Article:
In fact, saturation mode is often best determined by the value of vCE, which has a value of approximately 0.2 V for a silicon-based Bipolar Junction Transistor (BJT).

Figure 7 Definition of Bipolar Junction Transistor (BJT) voltages and currents

In saturation, the collector current is no longer proportional to the base current and the collector-emitter voltage VCE for a silicon-based BJT is small (< 0.4 V). An increasing base current drives a BJT further into saturation, and VCE approaches the saturation limit of VCEsat ≈ 0.2 V.

${{V}_{CEsat}}\approx 0.2V\begin{matrix}{} & \text{Saturation limit}\begin{matrix}{} & {} & (6) \\\end{matrix} \\\end{matrix}$

## Key Bipolar Junction Transistor (BJT) Characteristics

The voltages and currents shown in Figure 9 for an NPN transistor are related by KCL and KVL.

${{v}_{CE}}={{v}_{CB}}+{{v}_{BE}}\begin{matrix}{} & KVL\begin{matrix}{} & {} & (7) \\\end{matrix} \\\end{matrix}$${{i}_{E}}={{i}_{C}}+{{i}_{B}}\begin{matrix}{} & KCL\begin{matrix}{} & {} & (8) \\\end{matrix} \\\end{matrix}$

The Bipolar Junction Transistor (BJT) currents are temperature dependent because they are proportional to both $n_{i}^{2}$  and${{e}^{{}^{{{v}_{BE}}}/{}_{{{V}_{T}}}}}$. These currents are also proportional to the cross-sectional area A of the EBJ and inversely proportional to the effective width W of the base.

The relationships between these voltages and currents are commonly represented by a graph of iC versus vCE, with iB treated as a parameter. A typical example of such a graph is shown in Figure 8. The operating mode of a BJT is completely specified by these three variables. The three modes of operation are indicated in the figure. Cutoff and saturation modes occur when ic and vCE are very small, respectively.

Figure 8 Typical characteristic lines of a Bipolar Junction Transistor (BJT)

For any fixed value of iB, the slope of the transistor characteristic is very small in active mode. In the ideal case, this slope would be zero; however, the effective width of the base decreases with vCE such that the concentration gradient of charge carriers in the base increases and, thus, the collector current increases as well. This increase in iC with vCE is known as the Early effect or base-width modulation.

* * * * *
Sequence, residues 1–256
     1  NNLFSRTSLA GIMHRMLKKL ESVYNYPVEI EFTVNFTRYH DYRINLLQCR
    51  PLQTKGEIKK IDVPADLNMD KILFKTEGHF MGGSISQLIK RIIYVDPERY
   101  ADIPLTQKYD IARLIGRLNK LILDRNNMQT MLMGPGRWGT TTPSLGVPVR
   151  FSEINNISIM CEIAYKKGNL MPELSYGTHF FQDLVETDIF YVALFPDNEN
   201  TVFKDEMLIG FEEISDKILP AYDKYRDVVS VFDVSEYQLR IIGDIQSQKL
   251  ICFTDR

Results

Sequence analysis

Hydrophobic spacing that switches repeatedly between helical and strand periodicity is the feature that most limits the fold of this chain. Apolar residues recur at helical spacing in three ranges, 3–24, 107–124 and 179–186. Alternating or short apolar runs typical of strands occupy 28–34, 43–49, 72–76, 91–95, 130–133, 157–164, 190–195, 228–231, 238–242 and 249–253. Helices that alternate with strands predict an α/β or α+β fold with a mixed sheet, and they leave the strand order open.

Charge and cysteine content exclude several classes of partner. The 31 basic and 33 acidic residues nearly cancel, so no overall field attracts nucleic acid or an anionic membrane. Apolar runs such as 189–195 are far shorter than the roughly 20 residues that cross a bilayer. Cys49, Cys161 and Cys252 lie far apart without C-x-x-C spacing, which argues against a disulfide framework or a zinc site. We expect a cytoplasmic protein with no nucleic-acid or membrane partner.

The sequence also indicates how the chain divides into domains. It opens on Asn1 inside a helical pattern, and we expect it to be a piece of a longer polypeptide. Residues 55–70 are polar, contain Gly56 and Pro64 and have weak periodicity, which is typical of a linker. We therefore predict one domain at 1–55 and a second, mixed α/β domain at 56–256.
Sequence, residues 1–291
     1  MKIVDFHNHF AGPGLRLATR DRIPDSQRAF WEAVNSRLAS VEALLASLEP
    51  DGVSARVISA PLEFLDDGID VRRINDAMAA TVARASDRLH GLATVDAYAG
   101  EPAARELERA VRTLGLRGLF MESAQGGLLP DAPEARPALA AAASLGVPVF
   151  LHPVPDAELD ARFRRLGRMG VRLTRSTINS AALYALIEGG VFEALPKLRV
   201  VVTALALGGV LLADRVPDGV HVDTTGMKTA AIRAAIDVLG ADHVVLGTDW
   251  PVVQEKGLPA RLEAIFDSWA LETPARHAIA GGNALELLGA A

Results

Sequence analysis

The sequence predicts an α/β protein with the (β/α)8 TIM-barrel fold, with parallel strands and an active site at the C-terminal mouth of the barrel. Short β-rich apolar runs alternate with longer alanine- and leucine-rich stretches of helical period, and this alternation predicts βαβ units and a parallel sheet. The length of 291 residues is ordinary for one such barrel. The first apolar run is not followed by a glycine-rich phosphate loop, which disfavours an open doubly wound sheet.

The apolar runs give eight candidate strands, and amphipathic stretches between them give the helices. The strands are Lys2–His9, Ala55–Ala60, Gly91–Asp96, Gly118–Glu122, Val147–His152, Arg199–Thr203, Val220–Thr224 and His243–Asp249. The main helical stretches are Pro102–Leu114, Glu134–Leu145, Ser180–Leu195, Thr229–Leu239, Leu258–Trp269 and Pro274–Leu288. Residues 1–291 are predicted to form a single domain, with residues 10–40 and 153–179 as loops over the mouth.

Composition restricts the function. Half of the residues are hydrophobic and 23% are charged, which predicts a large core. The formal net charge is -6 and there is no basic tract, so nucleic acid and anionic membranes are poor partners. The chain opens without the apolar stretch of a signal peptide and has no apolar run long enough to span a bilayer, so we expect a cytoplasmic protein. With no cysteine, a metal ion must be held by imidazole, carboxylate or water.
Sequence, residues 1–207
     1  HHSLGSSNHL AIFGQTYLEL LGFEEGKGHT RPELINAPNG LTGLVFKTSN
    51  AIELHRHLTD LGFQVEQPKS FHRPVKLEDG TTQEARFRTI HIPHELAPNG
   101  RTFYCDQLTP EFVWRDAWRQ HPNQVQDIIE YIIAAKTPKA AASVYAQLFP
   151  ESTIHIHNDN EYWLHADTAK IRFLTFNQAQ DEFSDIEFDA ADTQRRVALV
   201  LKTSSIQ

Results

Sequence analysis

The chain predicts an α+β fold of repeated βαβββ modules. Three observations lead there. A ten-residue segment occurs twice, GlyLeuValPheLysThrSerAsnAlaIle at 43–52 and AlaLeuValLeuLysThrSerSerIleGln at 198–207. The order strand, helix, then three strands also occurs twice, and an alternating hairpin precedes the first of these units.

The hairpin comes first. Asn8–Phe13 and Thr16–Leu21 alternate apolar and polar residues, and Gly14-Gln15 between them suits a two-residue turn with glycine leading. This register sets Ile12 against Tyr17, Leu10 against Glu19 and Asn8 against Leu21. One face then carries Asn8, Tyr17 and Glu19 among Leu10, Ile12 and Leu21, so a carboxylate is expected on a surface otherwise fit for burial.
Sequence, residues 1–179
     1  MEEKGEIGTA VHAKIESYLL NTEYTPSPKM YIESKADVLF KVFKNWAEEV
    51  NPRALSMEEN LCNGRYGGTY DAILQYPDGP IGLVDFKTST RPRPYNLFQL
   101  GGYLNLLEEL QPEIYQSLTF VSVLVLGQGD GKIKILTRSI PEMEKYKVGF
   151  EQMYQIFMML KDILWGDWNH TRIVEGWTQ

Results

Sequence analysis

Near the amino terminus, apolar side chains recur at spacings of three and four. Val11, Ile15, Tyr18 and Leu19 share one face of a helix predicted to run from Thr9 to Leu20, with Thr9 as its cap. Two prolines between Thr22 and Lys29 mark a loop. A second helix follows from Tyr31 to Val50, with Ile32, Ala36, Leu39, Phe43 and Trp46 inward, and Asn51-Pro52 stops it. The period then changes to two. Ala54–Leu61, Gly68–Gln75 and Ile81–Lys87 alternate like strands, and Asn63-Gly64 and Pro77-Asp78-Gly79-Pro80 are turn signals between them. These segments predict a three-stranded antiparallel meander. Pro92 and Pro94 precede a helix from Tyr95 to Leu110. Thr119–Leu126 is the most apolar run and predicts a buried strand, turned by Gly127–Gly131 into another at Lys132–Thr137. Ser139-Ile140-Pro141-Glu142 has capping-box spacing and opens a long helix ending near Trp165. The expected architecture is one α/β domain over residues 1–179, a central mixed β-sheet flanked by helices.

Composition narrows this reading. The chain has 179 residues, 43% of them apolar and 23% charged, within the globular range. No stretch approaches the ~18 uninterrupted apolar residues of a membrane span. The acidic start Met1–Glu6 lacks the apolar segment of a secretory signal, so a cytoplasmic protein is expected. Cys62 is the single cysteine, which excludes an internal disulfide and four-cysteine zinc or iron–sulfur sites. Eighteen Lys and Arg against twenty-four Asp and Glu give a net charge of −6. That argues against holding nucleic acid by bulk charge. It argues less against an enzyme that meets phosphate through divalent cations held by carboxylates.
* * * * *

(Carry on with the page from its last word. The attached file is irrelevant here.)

It is important to realize that the operating values of iB, iC, and vCE, and the operating mode itself, are determined by the external circuitry attached to the Bipolar Junction Transistor (BJT).

It is essential to keep in mind the key characteristics of the cutoff, active, and saturation modes, which are the same for both NPN and PNP transistors, and which are summarized in the box below.

Cutoff mode: Both the EBJ and CBJ are reverse-biased such that all three currents iC, iB, and iE are approximately zero. In cutoff mode, a BJT acts as an open switch between the collector and emitter.

Active mode: The EBJ is forward-biased while the CBJ is reverse-biased. The Bipolar Junction Transistor (BJT) currents are related by:

In active mode, these currents are largely independent of vCB and the BJT acts as a linear amplifier.

Saturation mode: Both the EBJ and CBJ are forward-biased such that vBE ≈ 0.7 V and vCE≈ 0.2 V. The collector current iC is highly sensitive to small changes in vCE, and, since vCE is small, iC is largely determined by external circuitry attached to the collector terminal. In saturation mode, the BJT approximates a closed switch between the collector and emitter.

## Determining the Operating Mode of a Bipolar Junction Transistor (BJT)

A few simple voltage measurements permit a quick determination of the state of a transistor. Consider, for example, an NPN transistor placed in the circuit of Figure 9, where:

and

Figure 9 Determination of the operating mode of a Bipolar Junction Transistor (BJT)

Assume that the measured collector, emitter, and base terminal voltages are:

The method used in determining the state of a transistor is to assume an operating mode and then test the assumption against the known data. It is usually best to first assume cutoff mode and check whether the EBJ is reverse-biased. The voltage across the EBJ is:

Thus, the EBJ is forward-biased, not reverse-biased, and the transistor is not in cutoff mode.

One can next assume either active or saturation mode and test the assumption. For this example, assume saturation mode and test whether the CBJ is forward-biased. The voltage across the CBJ is:

Thus, the CBJ is reverse-biased and the transistor is in active mode. The same determination could be made by evaluating the voltage across the collector-emitter terminals.

The requirement for saturation mode is VCE > 0.4 V, which is clearly not satisfied.

Since the transistor is in active mode, it is possible to calculate the common-emitter current gain β. The base current is:

The collector current is:

Thus, the current amplification factor is:

The operating point of the transistor in the given circuit can be located on a characteristic plot. It is important to note that the operating mode of the transistor is determined by the attached circuitry. In this example, the values of VB, VC, and VE were measured. However, for analytic problems, these values can be calculated using KCL, KVL, Ohm’s law, and the known characteristics of the three possible modes of operation.